University Of Tasmania
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Integrating climate change into conservation and restoration strategies : the case of the Tasmanian eucalypts

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posted on 2023-05-27, 11:56 authored by Peter HarrisonPeter Harrison
Global climate change will negatively impact major components of the world's biodiversity over the next century, and there is an increasing need for strategies and tools to guide species conservation and management. This issue is particularly relevant to species and provenance choices in ecological restoration where diverse strategies have been proposed to ensure future climate resilience. This thesis focuses on the Eucalyptus tree flora of the island of Tasmania, Australia, assessing the likely change in species modelled suitable habitat, and strategies for identifying suitable species and provenances for restoration tree plantings. This is a topical issue as the long-standing 'local-is-best' paradigm in ecological restoration is being increasingly questioned in the face of global climate change. Habitat suitability models were used to determine whether a eucalypt species susceptibility to future climate change (based on 2020, 2050 and 2080 projections) can be predicted by evolutionary history, habitat type or distribution pattern. A large extent of the modelled current climate habitat will be lost by the end of this century and 63% of records will be outside of modelled suitable habitat. Species from subalpine habitats were most at risk of maladaptation under future climate change. Susceptibility was not linked to evolutionary history or distribution pattern. Despite the loss of suitable climate habitat, many of the current conservation reserves still maintained populations of species that will not be at risk of climate maladaptation by 2080. To assist in guiding species choice for our target restoration region (the Midlands), we used the same climate projections to model the suitability of regionally local and non-local species through space and time. We identified one non-local and ten regionally local candidate species that would not be maladapted to the future climate habitat of the Midlands. The predicted decrease in the suitability of most local species in the future was compensated by the northern expansion of predicted suitable habitat for a regionally local and non-local species well outside their current distribution range. A framework was subsequently developed to identify provenances of targeted restoration species likely to be best adapted to the future climates of restoration sites to test and implement climate-adjusted provenancing. This framework accounted for inbreeding risk through habitat fragmentation and was translated into software (Provenancing Using Climate Analogues [PUCA]). This software matched current and future climate predictions for restoration sites to known provenances of the target species that are already growing in analogous climates for 2020, 2050 and 2080 projections. I demonstrate the application of PUCA and identified key outstanding assumptions which need empirical validation. Experimental trials were established to test the assumptions of the PUCA model and identify the climate components which have shaped adaptive variation among the provenances of a key restoration species E. ovata. A germination trial showed that provenance home-site climate effects did not affect seed germination characteristics. A glasshouse and a common garden field trial were established using range-wide collections of open-pollinated seed from 45 provenances (collected from 312 individuals), to study how home-site climate affects seedling functional traits and early field performance. Two orthogonal climate vectors (representing aridity and frost gradients) were shown to shape adaptive variation among provenances in seedling functional traits. Predicted changes in these vectors from contemporary to 2080 were spatially mapped as an alternative approach to predict (i) the adaptive limits of the species, (ii) the change in the climate selective surface, and (iii) provenance transfer functions. Only two-year performance data was available for the field trial, and this revealed little evidence of maladaptation of provenances from homes-sites spanning the selective gradient. The demonstration that provenances from future analogous environments have a broad transfer function and can be successfully established in restoration plantings is important for long-lived trees, as future-adapted individuals must establish under current climate regimes.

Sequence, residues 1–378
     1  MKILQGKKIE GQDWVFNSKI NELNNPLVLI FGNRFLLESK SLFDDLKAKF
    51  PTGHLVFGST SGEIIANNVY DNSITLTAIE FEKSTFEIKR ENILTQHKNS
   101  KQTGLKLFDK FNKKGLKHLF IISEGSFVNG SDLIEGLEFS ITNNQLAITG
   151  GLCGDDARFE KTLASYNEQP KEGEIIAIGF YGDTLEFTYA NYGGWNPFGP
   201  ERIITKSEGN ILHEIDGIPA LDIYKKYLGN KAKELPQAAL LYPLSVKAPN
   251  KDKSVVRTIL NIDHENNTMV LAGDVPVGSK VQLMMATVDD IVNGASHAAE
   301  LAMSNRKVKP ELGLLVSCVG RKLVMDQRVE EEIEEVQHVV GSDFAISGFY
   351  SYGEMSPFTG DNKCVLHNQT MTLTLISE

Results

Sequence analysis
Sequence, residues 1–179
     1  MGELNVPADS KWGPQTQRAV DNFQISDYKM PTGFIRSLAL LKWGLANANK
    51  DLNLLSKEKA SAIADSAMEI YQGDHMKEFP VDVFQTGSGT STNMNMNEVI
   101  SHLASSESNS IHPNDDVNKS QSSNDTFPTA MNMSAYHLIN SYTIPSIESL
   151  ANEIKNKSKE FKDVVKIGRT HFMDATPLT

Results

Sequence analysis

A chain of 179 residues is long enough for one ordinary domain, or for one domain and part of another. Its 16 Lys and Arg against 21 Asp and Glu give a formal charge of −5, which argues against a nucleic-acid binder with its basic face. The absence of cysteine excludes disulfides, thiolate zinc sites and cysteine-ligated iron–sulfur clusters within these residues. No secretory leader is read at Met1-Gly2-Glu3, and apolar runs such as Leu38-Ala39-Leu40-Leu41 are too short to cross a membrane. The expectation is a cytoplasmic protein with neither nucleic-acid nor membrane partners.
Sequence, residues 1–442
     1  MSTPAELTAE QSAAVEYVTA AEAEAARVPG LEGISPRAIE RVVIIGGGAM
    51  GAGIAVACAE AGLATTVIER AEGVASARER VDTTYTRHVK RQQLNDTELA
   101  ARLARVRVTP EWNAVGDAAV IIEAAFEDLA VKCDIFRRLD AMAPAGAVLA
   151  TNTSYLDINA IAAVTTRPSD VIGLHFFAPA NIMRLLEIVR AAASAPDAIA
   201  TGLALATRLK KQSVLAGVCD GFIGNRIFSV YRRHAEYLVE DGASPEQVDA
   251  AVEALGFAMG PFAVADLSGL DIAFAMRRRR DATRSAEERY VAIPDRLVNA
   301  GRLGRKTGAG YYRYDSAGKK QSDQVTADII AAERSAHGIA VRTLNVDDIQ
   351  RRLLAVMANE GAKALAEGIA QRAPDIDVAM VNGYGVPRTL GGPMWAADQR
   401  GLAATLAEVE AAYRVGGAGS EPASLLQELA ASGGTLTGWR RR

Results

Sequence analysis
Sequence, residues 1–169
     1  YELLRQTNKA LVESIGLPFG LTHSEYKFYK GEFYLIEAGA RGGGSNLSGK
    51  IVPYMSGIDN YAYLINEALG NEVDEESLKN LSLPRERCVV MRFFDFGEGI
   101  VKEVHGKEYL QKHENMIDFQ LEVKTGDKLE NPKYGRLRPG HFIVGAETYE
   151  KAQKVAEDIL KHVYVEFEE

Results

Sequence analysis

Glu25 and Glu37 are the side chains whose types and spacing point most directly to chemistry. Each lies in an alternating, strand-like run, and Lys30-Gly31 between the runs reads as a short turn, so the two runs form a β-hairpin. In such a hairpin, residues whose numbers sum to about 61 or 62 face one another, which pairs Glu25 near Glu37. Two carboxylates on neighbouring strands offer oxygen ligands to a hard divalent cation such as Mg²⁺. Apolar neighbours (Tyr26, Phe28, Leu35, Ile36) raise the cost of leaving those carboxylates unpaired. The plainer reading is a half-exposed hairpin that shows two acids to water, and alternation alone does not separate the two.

Publication status

  • Unpublished

Rights statement

Copyright 2017 the author Chapter 4 appears to be the equivalent of the peer reviewed version of the following article: Harrison, P. A., Vaillancourt, R. E., Harris, R. M., Potts, B. M., 2017, Integrating climate change and habitat fragmentation to identify candidate seed sources for ecological restoration. Restoration ecology, 25(4), 524-531, which has been published in final form at This article may be used for non-commercial purposes in accordance with Wiley Terms and Conditions for Use of Self-Archived Versions. Chapter 5 appears to be the equivalent of a post-print version of an article published as: Harrison, P. A., Bailey, T. G., Vaillancourt, R. E., Potts, B. M., 2014. Provenance and seed mass determines the seed germination success of Eucalyptus ovata (Myrtaceae), Seed science and technology 42(3), 466-472

Repository Status

  • Open